Hollywood Renegades Archive

The Society of Independent Motion Picture Producers

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Harry Sherman

SIMPP Member (1945-1953)

Harry Sherman, the producer who brought Hopalong Cassidy to the screen. He was born in 1884, and began in the film industry as an exhibitor and states rights distributor. He made a killing from the The Birth of a Nation (1915) states rights in the west, much like Louis B. Mayer had in New England.

William Boyd as Hopalong Cassidy.

He went into producing during the silent era, and then in 1935 he formed Harry Sherman Productions planning to produce low-budget Westerns. His claim-to-fame—the introduction of the Hopalong Cassidy character (based on the books by Charles E. Mulford)—made his films so exceptionally popular that he became one of the few B-film independents that was distributed by major studios, including both Paramount and United Artists. He was very popular among his workers, who nicknamed him "Pop."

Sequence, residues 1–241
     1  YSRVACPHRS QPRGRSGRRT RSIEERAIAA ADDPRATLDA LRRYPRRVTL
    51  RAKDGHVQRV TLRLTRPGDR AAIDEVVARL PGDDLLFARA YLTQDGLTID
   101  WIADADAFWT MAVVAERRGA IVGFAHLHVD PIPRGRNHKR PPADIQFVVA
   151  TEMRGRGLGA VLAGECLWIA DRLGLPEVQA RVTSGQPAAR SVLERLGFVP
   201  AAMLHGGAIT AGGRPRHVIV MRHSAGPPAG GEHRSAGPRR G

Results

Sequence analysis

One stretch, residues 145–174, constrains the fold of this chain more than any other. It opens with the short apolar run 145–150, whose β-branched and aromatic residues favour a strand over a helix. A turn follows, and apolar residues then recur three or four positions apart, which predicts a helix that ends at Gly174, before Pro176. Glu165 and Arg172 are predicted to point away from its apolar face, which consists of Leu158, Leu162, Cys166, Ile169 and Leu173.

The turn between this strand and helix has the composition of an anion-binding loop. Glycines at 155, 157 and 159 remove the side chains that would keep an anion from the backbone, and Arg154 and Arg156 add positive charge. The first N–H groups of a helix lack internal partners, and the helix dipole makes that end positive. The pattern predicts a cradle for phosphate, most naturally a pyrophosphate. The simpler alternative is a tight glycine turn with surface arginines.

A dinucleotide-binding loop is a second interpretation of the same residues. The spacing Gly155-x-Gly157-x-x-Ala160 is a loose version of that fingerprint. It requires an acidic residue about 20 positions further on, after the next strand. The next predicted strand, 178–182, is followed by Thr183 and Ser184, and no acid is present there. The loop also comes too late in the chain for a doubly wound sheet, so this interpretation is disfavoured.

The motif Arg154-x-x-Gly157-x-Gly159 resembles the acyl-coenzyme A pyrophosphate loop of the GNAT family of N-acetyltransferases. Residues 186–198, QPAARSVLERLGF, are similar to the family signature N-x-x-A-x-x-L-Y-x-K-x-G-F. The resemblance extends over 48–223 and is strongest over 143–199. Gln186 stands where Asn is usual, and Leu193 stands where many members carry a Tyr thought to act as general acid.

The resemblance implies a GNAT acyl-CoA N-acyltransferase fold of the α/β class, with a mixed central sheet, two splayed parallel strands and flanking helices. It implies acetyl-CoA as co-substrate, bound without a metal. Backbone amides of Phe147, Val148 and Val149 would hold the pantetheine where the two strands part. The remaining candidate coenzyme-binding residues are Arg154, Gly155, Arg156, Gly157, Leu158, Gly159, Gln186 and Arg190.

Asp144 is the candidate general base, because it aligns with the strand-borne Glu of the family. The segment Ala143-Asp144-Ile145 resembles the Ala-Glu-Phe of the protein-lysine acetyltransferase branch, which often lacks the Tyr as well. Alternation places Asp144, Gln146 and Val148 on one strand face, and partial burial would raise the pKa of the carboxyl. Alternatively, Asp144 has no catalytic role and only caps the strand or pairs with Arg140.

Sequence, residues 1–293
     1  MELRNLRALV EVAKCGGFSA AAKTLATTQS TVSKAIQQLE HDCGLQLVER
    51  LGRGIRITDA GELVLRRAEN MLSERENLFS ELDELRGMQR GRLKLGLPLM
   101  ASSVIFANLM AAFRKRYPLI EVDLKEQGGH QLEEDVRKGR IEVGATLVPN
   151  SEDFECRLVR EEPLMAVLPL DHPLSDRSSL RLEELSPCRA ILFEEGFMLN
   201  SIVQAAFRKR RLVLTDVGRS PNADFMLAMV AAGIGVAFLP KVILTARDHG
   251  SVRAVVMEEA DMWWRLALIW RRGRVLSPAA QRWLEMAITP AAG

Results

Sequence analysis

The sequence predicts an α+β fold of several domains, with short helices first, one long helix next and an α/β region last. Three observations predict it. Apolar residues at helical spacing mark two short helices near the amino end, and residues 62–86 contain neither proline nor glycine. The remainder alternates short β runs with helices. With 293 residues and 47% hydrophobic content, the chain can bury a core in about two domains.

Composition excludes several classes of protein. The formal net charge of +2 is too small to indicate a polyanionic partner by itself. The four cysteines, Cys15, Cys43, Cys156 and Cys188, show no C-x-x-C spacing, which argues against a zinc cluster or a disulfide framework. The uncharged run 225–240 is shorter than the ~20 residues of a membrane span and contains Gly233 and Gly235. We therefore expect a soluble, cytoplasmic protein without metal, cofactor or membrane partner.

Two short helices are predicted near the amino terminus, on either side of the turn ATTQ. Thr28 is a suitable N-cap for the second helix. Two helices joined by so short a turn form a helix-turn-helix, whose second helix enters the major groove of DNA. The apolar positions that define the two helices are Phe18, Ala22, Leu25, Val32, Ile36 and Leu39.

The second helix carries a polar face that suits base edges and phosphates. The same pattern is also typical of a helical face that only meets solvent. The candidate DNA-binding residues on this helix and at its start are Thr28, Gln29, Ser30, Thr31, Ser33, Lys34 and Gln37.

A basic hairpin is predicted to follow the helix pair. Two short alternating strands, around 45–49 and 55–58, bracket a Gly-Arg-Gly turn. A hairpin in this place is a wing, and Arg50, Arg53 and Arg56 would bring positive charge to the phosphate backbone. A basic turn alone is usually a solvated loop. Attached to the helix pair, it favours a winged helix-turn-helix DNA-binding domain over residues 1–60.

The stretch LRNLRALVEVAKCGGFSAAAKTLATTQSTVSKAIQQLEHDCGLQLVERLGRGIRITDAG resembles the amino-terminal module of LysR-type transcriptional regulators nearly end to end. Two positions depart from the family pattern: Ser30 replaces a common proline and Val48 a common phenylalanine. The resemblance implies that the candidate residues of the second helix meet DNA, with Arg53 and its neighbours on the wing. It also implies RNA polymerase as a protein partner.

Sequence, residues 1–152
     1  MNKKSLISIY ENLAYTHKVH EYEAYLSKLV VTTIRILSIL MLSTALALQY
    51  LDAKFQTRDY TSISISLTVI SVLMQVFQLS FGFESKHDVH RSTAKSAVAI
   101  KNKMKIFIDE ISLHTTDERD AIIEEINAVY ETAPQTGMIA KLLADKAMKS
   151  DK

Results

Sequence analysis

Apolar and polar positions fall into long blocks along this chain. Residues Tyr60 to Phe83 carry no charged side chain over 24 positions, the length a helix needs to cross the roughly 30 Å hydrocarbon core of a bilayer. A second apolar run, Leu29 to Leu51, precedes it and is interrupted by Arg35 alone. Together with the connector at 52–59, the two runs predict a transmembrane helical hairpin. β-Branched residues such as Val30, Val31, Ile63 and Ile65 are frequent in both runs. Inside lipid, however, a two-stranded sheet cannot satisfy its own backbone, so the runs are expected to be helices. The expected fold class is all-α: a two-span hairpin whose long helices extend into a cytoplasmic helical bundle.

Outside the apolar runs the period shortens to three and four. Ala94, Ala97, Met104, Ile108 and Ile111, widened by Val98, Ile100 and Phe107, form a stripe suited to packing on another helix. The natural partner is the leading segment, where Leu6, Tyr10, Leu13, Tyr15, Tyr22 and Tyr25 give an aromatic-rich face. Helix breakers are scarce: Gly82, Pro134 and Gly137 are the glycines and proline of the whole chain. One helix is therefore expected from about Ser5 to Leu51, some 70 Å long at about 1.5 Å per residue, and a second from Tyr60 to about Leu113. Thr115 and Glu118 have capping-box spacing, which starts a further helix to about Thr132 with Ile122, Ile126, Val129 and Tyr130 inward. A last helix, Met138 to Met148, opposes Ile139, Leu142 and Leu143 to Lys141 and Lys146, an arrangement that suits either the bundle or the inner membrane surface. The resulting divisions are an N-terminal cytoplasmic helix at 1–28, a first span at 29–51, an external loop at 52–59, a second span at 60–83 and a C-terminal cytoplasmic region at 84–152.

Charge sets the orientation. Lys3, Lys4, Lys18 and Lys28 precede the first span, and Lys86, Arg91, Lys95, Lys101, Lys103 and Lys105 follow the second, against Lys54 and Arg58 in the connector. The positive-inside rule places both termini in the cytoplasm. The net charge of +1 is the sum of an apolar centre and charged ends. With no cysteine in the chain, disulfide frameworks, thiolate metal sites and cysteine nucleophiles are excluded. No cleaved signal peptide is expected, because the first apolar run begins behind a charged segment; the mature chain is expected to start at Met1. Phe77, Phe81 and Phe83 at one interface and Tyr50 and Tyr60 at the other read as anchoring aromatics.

After making 54 films, he had turned over the production of the Hopalong Cassidy series to the star William Boyd, so that Sherman could concentrate on moving into the A-picture market. Sherman was one of the many independent producers who aggressively expanded in the immediate post-war era, only to find the boom market suddenly and unexpectedly decline. The independent veteran was plagued by financial problems brought on by the film recession in the late 1940s. Sherman was forced to drop out of SIMPP, but a few years later he renewed his membership with the Society as he tried to jump-start his career. Just as he was getting back into production in 1952, Harry Sherman died.


Harry Sherman: Eyles, The Western, pp. 132-133.

See Bibliography.


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